2. Associate only with people who improve you
3. The greatest remedy for anger is delay
4. Value your time more than your possessions
5. Death is not in the distant future. We are dying every day”
ChooseFI Community Taking Action This Week
- Sara said, “My 1% better is finally going part time with my job that I have been unhappy with. I have been trying to get raises with little success, and the pay was no longer sustainable for me to reach the financial goals I have set. There was also little room for growth. The only reason I kept part time was to keep our benefits (which I do have to pay a little extra for being part time) and to continue contributing to my retirement accounts which I am not yet vested with. I got push back from my boss for a while, but felt comfortable with my FU money to tell her this is what I needed and wasn’t afraid of the worst-case scenario. I was able to go part time, just 2 days a week, which allowed me to take on another similar job on the other days of the week that pays almost double my other hourly rate. Thanks to the FI community for continuing to challenge the norm and encourage this kind of creativity.”
- Rachel said, “My 1% better has been sticking to a budget for 4 months!! It is definitely a lot to learn and get used to, but we’re finally paying ourselves first, and feel so good about where our money is going. Knowledge is power and tracking has given me a renewed sense of intention for where and how we spend money as a family. Thank you guys for always focusing on the process and values! It helps keep me balanced!”
- Tracy said, “Our 1% better is closer to 50% this week! In January we switched Wi-Fi providers to bundle it with our power bill (quite common here in NZ). We got a month free which was cool and a discount off our power bill as a sign up bonus. But the connection was so bad that after only two months we are cancelling it (which we can do because no locked in contract) and going back to our old provider – who have a new deal which we now qualify for: 4 months free! Apart from the frustration of bad internet for a few weeks we’ve managed to get 5 months of free Wi-Fi overall! A saving of around $350 – not too bad :)”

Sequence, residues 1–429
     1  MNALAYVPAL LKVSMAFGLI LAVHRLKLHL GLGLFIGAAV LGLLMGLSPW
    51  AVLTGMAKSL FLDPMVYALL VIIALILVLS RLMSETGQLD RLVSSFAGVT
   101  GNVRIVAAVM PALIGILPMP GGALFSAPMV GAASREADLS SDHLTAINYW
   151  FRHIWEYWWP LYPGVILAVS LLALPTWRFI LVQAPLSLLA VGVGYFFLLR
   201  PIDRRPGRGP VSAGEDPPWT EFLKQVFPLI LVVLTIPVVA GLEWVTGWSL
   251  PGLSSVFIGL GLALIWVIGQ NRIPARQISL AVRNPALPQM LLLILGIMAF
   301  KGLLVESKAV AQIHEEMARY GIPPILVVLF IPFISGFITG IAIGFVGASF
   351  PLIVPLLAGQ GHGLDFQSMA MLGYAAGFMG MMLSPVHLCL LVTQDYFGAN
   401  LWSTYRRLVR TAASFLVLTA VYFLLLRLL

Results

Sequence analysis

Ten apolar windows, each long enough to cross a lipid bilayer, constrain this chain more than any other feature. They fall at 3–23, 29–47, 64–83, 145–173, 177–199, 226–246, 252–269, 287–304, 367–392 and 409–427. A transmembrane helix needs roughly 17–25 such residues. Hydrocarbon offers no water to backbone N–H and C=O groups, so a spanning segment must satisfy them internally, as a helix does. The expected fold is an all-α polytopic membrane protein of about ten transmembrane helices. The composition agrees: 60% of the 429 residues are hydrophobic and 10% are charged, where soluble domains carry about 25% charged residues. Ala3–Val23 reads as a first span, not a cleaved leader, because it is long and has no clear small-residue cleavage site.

- Alec said, “I have to thank you. I was listening to episode 368 over lunch today and you covered the possibility of dropping the PMI on our mortgage using the currently inflated housing prices. A lightbulb went off in my head as we are doing a moderate renovation and just had an appraisal done by our bank. I called my wife and then our lender and it sounds like we can potentially use that to drop the PMI without any added cost. Thank you thank you thank you!! That made my weekend!”
- Katie said, “My 1% better is very simple but we’ve been so pleased with it. My fiancé and I have oatmeal for breakfast almost every morning. For years we topped it with fresh fruit (bananas, strawberries, raspberries, etc.), but we were constantly frustrated with how quickly our fresh fruit spoiled. Every week we found ourselves tossing out expensive fresh fruit. Recently I decided to try switching to frozen fruit, which we add to the oats while it cooks -wow! No more food wasted and frozen fruit is cheaper than fresh! Best of all, breakfast still tastes amazing!”
- Shannon said, “For my 1% better this week, I replaced the pair of headlight assemblies on my car. One had gotten a crack and became waterlogged and kept burning out the bulbs. Sure, an auto shop could have done it better and faster, but I saved over $500 by doing it myself, learned a new skill, and got a huge sense of accomplishment!”